17 May 2019
Bob Cunneen, Senior Economist and Portfolio Specialist
Sources: Reserve Bank of Australia and Datastream.
A key strength of the Australian economy has been the labour market. In the past year to April 2019, there has been robust jobs growth exceeding three hundred thousand. Australia’s unemployment rate has edged down from 5.5% in April 2018 to now stand at 5.2%. The Reserve Bank of Australia (RBA) has noted that “labour market conditions remained strong”. This is one of the key factors suggesting that the RBA should keep interest rates steady at 1.5% (blue line).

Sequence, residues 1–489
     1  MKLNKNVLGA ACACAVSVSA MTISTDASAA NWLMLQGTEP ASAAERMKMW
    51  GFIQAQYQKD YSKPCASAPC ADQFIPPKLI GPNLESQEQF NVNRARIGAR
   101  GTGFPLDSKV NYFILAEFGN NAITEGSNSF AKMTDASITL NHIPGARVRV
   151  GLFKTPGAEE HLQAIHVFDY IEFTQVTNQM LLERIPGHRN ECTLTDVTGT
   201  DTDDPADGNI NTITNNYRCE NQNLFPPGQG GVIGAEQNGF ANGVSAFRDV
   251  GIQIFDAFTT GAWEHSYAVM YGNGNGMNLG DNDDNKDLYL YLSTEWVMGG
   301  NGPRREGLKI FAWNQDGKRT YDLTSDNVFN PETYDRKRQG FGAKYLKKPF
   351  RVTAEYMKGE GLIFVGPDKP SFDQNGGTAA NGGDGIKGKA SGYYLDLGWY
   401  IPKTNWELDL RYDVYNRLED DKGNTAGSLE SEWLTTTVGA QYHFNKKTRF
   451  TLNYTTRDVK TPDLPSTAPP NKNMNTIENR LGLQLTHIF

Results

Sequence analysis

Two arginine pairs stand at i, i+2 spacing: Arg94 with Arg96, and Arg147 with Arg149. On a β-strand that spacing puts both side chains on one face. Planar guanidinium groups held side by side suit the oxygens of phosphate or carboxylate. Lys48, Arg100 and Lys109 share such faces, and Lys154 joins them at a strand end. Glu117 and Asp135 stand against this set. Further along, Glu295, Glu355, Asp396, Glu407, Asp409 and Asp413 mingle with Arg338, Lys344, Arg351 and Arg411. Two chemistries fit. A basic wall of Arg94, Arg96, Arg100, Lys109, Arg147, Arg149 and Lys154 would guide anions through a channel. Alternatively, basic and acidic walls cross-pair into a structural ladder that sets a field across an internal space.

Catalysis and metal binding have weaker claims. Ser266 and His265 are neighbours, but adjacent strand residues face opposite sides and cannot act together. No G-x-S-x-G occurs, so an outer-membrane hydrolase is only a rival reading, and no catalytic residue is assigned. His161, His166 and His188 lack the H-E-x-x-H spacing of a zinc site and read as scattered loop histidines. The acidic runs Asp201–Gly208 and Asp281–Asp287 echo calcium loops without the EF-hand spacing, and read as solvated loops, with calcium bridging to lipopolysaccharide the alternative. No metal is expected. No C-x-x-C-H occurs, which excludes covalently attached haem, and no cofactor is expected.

However this stands in contrast to most economic indicators which suggest a soft Australian economy. Subdued business surveys, weak housing construction and falling car sales are warning signs of weakness. So there is a puzzle between these soft economic indicators compared to the current strength of Australia’s labour market.
Yet this puzzle seems set to be solved. Australia’s underemployment rate has remained stubbornly high and above 8% for the past four years, indicating that part-time workers are struggling to obtain sufficient hours (inverted red line). The underemployment rate now stands at 8.5%, suggesting that the labour market is actually soft rather than strong. So for the RBA, this disappointing underemployment performance could prove to be the catalyst for interest rate cuts in the coming months.
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